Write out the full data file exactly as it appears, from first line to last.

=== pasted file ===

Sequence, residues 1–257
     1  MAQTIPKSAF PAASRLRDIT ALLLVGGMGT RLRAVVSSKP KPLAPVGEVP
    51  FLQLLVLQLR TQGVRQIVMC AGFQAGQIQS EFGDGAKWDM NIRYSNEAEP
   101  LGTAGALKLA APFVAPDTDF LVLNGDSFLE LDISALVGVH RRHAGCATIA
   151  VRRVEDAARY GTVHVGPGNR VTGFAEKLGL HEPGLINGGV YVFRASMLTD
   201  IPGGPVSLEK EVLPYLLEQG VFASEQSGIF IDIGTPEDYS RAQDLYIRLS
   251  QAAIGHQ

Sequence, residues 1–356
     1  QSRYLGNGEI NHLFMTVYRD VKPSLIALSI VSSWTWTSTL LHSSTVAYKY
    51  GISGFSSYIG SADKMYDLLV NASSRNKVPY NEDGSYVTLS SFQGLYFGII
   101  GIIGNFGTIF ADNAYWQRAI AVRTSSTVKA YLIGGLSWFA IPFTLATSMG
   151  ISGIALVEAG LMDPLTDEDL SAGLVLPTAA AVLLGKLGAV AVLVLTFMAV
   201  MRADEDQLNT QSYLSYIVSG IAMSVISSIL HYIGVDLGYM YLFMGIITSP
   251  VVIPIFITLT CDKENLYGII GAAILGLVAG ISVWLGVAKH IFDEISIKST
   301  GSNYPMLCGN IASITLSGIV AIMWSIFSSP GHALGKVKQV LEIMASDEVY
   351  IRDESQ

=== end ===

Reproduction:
Sequence, residues 1–257
     1  MAQTIPKSAF PAASRLRDIT ALLLVGGMGT RLRAVVSSKP KPLAPVGEVP
    51  FLQLLVLQLR TQGVRQIVMC AGFQAGQIQS EFGDGAKWDM NIRYSNEAEP
   101  LGTAGALKLA APFVAPDTDF LVLNGDSFLE LDISALVGVH RRHAGCATIA
   151  VRRVEDAARY GTVHVGPGNR VTGFAEKLGL HEPGLINGGV YVFRASMLTD
   201  IPGGPVSLEK EVLPYLLEQG VFASEQSGIF IDIGTPEDYS RAQDLYIRLS
   251  QAAIGHQ

Sequence, residues 1–356
     1  QSRYLGNGEI NHLFMTVYRD VKPSLIALSI VSSWTWTSTL LHSSTVAYKY
    51  GISGFSSYIG SADKMYDLLV NASSRNKVPY NEDGSYVTLS SFQGLYFGII
   101  GIIGNFGTIF ADNAYWQRAI AVRTSSTVKA YLIGGLSWFA IPFTLATSMG
   151  ISGIALVEAG LMDPLTDEDL SAGLVLPTAA AVLLGKLGAV AVLVLTFMAV
   201  MRADEDQLNT QSYLSYIVSG IAMSVISSIL HYIGVDLGYM YLFMGIITSP
   251  VVIPIFITLT CDKENLYGII GAAILGLVAG ISVWLGVAKH IFDEISIKST
   301  GSNYPMLCGN IASITLSGIV AIMWSIFSSP GHALGKVKQV LEIMASDEVY
   351  IRDESQ